You're doing well to get onto a computer so early in your recovery. It's an awful thing to happen and your body is still adjusting. I try to think of as a heart attack in my brain and then tell myself that all sorts of things are going to be different. I'm 21 months in now and there are still times I get a little panicky and can't sleep. I found that burning some lavender oil in my bedroom before going to sleep helped me a great deal.

As Keith says, now you're "fixed" the chances of another one extremely low - according to my consultant, I've no more chance of it happening again than any other person in the street.

I can't realy comment on the physical problems as I was extremely lucky not to have any lasting physical effects, but it's effectively a stroke and the results are going to be similar.

I know it's scary for you at the moment and the flashbacks are awful, but it will get better. I found counselling helped me a great deal to unburden my thoughts and anxiety without worrying my family further - and that how I also see this site - we're all in therapy together and we all know how it feels to be where we are.

As I've said before - it's a long road to recovery, but you're allowed to make as many pit stops as you need along the way.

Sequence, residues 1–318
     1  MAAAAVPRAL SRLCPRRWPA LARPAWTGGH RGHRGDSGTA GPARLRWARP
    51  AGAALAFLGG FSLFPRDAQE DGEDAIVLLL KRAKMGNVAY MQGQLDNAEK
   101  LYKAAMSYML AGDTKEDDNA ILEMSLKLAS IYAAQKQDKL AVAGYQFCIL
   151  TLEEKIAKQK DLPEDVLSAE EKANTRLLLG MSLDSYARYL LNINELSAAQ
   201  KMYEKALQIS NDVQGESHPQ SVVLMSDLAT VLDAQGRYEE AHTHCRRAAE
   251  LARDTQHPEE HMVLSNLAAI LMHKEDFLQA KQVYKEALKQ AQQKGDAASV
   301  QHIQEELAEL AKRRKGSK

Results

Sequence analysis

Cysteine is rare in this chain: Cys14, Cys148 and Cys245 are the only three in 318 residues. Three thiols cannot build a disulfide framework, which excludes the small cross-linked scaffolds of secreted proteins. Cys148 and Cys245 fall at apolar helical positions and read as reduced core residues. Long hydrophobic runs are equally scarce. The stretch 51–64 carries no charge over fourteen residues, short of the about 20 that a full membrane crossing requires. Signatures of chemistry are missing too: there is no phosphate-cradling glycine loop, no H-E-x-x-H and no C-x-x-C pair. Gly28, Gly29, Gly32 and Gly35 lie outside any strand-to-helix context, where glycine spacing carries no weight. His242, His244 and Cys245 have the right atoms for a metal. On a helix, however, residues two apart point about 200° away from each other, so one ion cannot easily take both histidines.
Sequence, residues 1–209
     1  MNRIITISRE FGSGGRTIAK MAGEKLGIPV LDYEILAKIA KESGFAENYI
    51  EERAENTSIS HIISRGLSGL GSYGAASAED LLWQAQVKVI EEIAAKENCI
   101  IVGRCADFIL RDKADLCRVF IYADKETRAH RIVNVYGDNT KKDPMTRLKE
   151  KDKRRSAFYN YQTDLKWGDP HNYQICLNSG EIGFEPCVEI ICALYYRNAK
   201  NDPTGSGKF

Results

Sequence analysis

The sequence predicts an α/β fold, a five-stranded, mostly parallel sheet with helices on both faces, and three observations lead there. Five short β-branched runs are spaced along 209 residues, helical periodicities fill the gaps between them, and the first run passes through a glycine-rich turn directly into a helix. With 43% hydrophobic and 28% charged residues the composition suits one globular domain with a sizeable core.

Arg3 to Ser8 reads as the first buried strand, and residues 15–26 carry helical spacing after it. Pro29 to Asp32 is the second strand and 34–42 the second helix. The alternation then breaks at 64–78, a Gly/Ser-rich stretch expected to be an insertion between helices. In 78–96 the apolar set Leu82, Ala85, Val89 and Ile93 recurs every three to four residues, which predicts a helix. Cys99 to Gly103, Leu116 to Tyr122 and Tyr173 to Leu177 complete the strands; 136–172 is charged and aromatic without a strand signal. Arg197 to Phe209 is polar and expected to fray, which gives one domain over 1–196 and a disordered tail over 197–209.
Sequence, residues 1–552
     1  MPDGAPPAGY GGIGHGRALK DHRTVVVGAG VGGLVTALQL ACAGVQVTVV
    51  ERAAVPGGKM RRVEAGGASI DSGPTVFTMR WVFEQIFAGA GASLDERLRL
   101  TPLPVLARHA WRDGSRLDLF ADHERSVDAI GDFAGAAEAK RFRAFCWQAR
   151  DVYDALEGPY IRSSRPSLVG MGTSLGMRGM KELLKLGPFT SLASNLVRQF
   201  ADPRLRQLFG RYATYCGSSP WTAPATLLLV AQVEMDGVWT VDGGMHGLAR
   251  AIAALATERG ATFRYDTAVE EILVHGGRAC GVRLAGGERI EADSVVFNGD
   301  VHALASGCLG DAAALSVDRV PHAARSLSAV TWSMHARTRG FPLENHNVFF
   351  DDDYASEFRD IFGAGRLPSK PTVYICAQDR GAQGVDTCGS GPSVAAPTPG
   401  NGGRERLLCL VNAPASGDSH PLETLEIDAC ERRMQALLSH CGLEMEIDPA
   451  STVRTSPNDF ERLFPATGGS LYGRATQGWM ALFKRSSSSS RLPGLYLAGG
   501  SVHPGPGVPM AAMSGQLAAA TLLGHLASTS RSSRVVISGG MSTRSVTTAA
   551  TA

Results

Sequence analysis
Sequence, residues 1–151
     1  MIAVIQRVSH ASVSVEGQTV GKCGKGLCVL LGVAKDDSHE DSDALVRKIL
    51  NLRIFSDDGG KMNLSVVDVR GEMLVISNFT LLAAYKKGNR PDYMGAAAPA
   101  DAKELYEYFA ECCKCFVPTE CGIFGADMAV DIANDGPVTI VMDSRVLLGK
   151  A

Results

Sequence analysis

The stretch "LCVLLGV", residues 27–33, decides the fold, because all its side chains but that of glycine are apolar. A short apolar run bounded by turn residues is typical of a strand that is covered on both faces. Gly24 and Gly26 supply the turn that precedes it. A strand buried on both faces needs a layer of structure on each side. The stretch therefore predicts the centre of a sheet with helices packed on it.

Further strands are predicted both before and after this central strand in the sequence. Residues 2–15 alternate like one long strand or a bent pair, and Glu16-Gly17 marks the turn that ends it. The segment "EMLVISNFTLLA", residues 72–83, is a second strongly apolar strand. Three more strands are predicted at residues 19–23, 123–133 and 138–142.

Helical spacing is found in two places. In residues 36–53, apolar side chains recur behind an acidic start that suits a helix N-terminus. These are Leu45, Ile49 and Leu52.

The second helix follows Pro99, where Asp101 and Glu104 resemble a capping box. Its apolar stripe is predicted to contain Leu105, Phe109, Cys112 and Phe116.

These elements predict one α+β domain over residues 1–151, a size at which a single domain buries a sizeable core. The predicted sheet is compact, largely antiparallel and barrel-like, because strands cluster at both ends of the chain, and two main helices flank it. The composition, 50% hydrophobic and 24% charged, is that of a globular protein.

Take care of yourself and try to rest (even if it's not sleeping) as much as you can. The headaches will ease eventually but in the meantime, try to make sure you drink 2 litres of water a day - I used to get headaches before my SAH due to lack of fluid.

Speak soon

TTFN

Sami xxx

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Hello and welcome to this brilliant website :D

You are still very early in your recovery and I think lots of us went from sleeping problems early in our recovery but luckily it does get better.

Speaking to your GP is a good idea but if you have got good friends and family, then try speaking to them. I honestly don't think they will feel burdened they are just feeling very happy that you are alive to talk to talk to them.

Good luck and take care

Laura

xx

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Hi there

Warm welcome to the site

What can I say except ditto what everyone else has said, its a good idea going to see your GP.